I tend to have a lot of words. If you’ve read some of my blogs, you know I’m not exaggerating. My oldest son Jack also has lots of words. Runs in the family.
But the 5 words he said over a dinner prayer one night shifted my entire attitude towards my view of prayer.
For family dinner we usually sit down and Jack will more often than not offer to pray. For a just-turned-4-year-old we’re always impressed that it’s on his heart to thank the Lord for our meal. Go for it kid. Get it! Truly, it’s like a secret way for parents of kids this young to hear what’s bouncing around in their heads and hearts at the moment. We always smile because something pops out that is hilarious without the intent to be funny. Authentic memory making.
Jack’s prayers usually goes something like this:
Dear Lord, thank you for this day. Thank you for all my planes and toys and my brother Charlie. Thanks for my mommy and my dad. Thanks that I got on my pants today by myself for class and that I love my class. And thank you for our needs.
Steve and I sat with our heads in our hands one night, staring at each other. Say wha?! Thanks for our needs? Where did he get that? Our son had spoken words straight from Jesus’ heart and yet they seemed foreign and almost “wrong” hearing them spoken like this. Thanks for our needs.
Hmmm…I needed to dissect that a bit as we ate dinner. Just shootin’ straight from the hip: that is not my normal response when I pray. My prayer life is special and very private. I rarely share it with anyone other than if something is pressed upon my heart or if Steve and I are sharing something we’ve both been praying about. I will admit, that being thankful for a need has never been my go-to.
“Hey God, thanks that I have needs. Thanks that I don’t know where I’m headed. Thanks that we struggle each month. Thanks that I can’t see far enough ahead to plan for all the unknowns. Thanks that we not immune to sickness or heartache or battles or frustrations. Yeah, thank you for all that.”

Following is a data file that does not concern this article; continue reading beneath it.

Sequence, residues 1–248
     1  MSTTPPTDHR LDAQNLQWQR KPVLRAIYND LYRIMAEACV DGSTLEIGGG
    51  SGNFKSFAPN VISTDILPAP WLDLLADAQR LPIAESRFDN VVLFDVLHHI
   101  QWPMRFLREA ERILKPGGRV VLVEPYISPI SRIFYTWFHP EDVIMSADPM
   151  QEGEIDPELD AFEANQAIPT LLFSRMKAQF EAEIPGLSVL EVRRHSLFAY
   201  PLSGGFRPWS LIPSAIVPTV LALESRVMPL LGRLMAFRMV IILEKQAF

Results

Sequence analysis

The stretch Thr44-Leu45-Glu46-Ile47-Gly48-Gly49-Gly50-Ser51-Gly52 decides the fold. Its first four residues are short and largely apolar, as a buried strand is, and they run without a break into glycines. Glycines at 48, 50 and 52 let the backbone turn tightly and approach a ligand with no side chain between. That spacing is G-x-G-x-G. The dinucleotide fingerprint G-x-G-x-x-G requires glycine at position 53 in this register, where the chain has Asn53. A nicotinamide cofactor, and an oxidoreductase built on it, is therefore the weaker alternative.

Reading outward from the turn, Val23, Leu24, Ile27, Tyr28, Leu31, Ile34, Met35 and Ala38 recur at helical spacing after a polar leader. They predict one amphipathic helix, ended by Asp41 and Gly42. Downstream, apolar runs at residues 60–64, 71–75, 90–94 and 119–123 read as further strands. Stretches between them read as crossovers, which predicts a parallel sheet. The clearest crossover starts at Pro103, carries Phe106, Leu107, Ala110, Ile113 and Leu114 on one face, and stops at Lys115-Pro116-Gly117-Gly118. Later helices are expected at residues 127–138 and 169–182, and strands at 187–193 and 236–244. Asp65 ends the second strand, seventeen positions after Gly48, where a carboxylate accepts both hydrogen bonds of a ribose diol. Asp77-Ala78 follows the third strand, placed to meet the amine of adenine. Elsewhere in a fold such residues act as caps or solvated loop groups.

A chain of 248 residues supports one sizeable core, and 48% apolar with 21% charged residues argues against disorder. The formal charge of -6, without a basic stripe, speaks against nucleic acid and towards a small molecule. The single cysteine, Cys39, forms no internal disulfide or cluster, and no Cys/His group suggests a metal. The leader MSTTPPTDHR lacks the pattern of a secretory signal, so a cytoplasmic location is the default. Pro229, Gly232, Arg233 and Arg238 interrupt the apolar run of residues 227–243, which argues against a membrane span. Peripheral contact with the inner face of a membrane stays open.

You’re kidding right? It seems wrong to be thankful for all of that because really what thanking God for those moments means I don’t have it figured out and that I’m admitting I have a need beyond myself.
Whoo…Jack, your prayer is nagging at a pretty deep heart piece and yet the simplicity of his approach of just tossing it in amongst the planes and toys seemed too easy.
That night, in that instant, the Lord used the heart of my 4-year-old to remind me and my husband and everyone we’ve shared that moment with, that we should be thankful IN all things. There is a simplicity beyond the complexity.
IN the mess. IN the unknown. IN the joys. IN the highs. IN the lows. IN the yuck.
“Give thanks in all things.” 1 Thessalonians 5:18 and while I believe that, hearing it explained as simply as “Thanks for our needs God.” about did me in.
I’m tentative to say this, because there is deep sorrow and heartbreak in life, I’ve experienced moments of it as I’m sure you have as well.
Thankfulness doesn’t override reality. What it does is start to change our hearts from anger to peace. It doesn’t take away the truth of a situation that just plain sucks. It turns angst to calm even if only for a split second.
There is freedom in the relinquishing of a thank you and admission of need in a moment.
One day, if not already, we will be able to stretch our neck up and out of those sorrows and say “Thanks for that piece of it.” Not thanks that I’m wounded. Not thanks that the hurt was caused.
THANKS that you were with me in it when I didn’t see you or even feel you.
For now, if you’re not there, don’t pretend. You don’t have to smile. You don’t have to fake it ’til you make it. Be encouraged that the promises of the Lord are enough to sustain our hearts in our present grief as we journey forward towards finding joy again.
Need extra encouragement? These 20 verses on thankfulness are great reminders.